Laxatives are medications used to promote defecation Defecation The normal process of elimination of fecal material from the rectum. Gastrointestinal Motility. Most often, laxatives are used to treat constipation Constipation Constipation is common and may be due to a variety of causes. Constipation is generally defined as bowel movement frequency < 3 times per week. Patients who are constipated often strain to pass hard stools. The condition is classified as primary (also known as idiopathic or functional constipation) or secondary, and as acute or chronic. Constipation or for bowel preparation for certain procedures. There are 4 main classes of laxatives: bulk-forming, stimulant, osmotic, and emollient. Often, a combination of these medications is required to have the desired effect. All laxatives can result in bloating Bloating Constipation. Laxative Laxative Agents that produce a soft formed stool, and relax and loosen the bowels, typically used over a protracted period, to relieve constipation. Hypokalemia overuse can induce diarrhea Diarrhea Diarrhea is defined as ≥ 3 watery or loose stools in a 24-hour period. There are a multitude of etiologies, which can be classified based on the underlying mechanism of disease. The duration of symptoms (acute or chronic) and characteristics of the stools (e.g., watery, bloody, steatorrheic, mucoid) can help guide further diagnostic evaluation. Diarrhea and dehydration Dehydration The condition that results from excessive loss of water from a living organism. Volume Depletion and Dehydration. Non– anion gap Anion gap Metabolic Acidosis metabolic acidosis Metabolic acidosis The renal system is responsible for eliminating the daily load of non-volatile acids, which is approximately 70 millimoles per day. Metabolic acidosis occurs when there is an increase in the levels of new non-volatile acids (e.g., lactic acid), renal loss of HCO3-, or ingestion of toxic alcohols. Metabolic Acidosis occurs owing to bicarbonate Bicarbonate Inorganic salts that contain the -HCO3 radical. They are an important factor in determining the ph of the blood and the concentration of bicarbonate ions is regulated by the kidney. Levels in the blood are an index of the alkali reserve or buffering capacity. Electrolytes loss in the feces, while metabolic alkalosis Metabolic alkalosis The renal system is responsible for eliminating the daily load of non-volatile acids, which is approximately 70 millimoles per day. Metabolic alkalosis also occurs when there is an increased loss of acid, either renally or through the upper GI tract (e.g., vomiting), increased intake of HCO3-, or a reduced ability to secrete HCO3- when needed. Metabolic Alkalosis occurs because of volume contraction.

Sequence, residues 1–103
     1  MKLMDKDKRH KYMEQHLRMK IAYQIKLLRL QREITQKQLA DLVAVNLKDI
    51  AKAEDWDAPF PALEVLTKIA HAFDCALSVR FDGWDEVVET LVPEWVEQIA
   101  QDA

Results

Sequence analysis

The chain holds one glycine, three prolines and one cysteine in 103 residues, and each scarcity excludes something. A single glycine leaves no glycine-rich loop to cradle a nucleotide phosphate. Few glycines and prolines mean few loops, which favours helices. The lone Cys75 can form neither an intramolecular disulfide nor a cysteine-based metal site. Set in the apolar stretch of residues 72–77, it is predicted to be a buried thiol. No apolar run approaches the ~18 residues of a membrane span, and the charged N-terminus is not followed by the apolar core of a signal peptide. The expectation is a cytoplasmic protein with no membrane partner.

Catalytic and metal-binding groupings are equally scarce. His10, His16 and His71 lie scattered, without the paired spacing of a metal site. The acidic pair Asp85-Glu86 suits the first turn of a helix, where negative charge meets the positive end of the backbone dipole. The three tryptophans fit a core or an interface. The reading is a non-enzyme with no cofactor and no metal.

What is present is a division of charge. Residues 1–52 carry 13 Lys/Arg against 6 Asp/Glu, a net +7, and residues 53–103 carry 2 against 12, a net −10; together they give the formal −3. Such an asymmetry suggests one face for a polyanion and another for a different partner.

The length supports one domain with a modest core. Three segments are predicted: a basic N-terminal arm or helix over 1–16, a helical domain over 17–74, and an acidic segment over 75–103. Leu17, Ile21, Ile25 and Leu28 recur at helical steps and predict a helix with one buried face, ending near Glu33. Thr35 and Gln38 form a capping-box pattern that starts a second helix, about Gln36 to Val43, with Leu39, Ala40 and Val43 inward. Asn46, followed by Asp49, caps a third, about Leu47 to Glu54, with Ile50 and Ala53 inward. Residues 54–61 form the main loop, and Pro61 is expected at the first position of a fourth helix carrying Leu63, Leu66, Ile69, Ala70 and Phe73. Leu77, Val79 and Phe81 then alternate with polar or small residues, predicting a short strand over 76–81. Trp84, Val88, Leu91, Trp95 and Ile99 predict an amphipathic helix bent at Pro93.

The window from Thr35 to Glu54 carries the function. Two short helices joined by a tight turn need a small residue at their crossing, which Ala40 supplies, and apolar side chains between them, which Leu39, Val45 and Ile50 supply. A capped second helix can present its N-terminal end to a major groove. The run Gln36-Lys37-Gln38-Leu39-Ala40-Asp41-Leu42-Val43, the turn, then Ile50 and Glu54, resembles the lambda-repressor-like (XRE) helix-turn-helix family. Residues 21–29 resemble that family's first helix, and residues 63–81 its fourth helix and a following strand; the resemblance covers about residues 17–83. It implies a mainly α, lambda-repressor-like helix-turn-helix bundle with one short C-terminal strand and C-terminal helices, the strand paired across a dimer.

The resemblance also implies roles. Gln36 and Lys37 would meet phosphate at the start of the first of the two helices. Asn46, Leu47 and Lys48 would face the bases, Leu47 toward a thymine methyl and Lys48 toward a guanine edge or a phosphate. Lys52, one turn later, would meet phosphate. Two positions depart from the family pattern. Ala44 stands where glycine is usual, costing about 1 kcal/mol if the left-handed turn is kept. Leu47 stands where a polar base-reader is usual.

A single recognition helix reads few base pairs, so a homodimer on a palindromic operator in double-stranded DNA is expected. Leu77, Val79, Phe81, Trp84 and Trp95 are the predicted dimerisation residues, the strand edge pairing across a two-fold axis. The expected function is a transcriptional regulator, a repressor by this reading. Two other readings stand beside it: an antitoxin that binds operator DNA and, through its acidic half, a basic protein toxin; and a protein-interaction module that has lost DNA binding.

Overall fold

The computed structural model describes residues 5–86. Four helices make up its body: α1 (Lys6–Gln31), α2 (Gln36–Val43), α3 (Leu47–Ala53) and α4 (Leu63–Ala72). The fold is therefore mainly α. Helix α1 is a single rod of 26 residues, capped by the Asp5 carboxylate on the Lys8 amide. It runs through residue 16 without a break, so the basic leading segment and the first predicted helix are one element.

Last updated: 17 Mar, 2022
Laxatives are medications that increase the frequency of bowel movements.
Bulk-forming laxatives tend to be either:
Adverse effects tend to be minimal with these agents but may include:
Osmotic laxatives are often:
Lactulose should not be used in patients Patients Individuals participating in the health care system for the purpose of receiving therapeutic, diagnostic, or preventive procedures. Clinician–Patient Relationship with galactosemia Galactosemia Galactosemia is a disorder caused by defects in galactose metabolism. Galactosemia is an inherited, autosomal-recessive condition, which results in inadequate galactose processing and high blood levels of monosaccharide. The rare disorder often presents in infants with symptoms of lethargy, nausea, vomiting, diarrhea, and jaundice. Galactosemia.
Docusate (Colace) is a common emollient laxative Laxative Agents that produce a soft formed stool, and relax and loosen the bowels, typically used over a protracted period, to relieve constipation. Hypokalemia, also known as a “stool softener.”
Side effects are generally mild but may include:
The following table compares and contrasts members of the laxative Laxative Agents that produce a soft formed stool, and relax and loosen the bowels, typically used over a protracted period, to relieve constipation. Hypokalemia drug class:
|Class||Examples||Mechanism of action||Side effects|
||Myenteric plexus Myenteric plexus One of two ganglionated neural networks which together form the enteric nervous system. The myenteric (Auerbach’s) plexus is located between the longitudinal and circular muscle layers of the gut. Its neurons project to the circular muscle, to other myenteric ganglia, to submucosal ganglia, or directly to the epithelium, and play an important role in regulating and patterning gut motility. Gastrointestinal Neural and Hormonal Signaling stimulation resulting in colonic contractions||
||Draws water into GI lumen, softening the stools||
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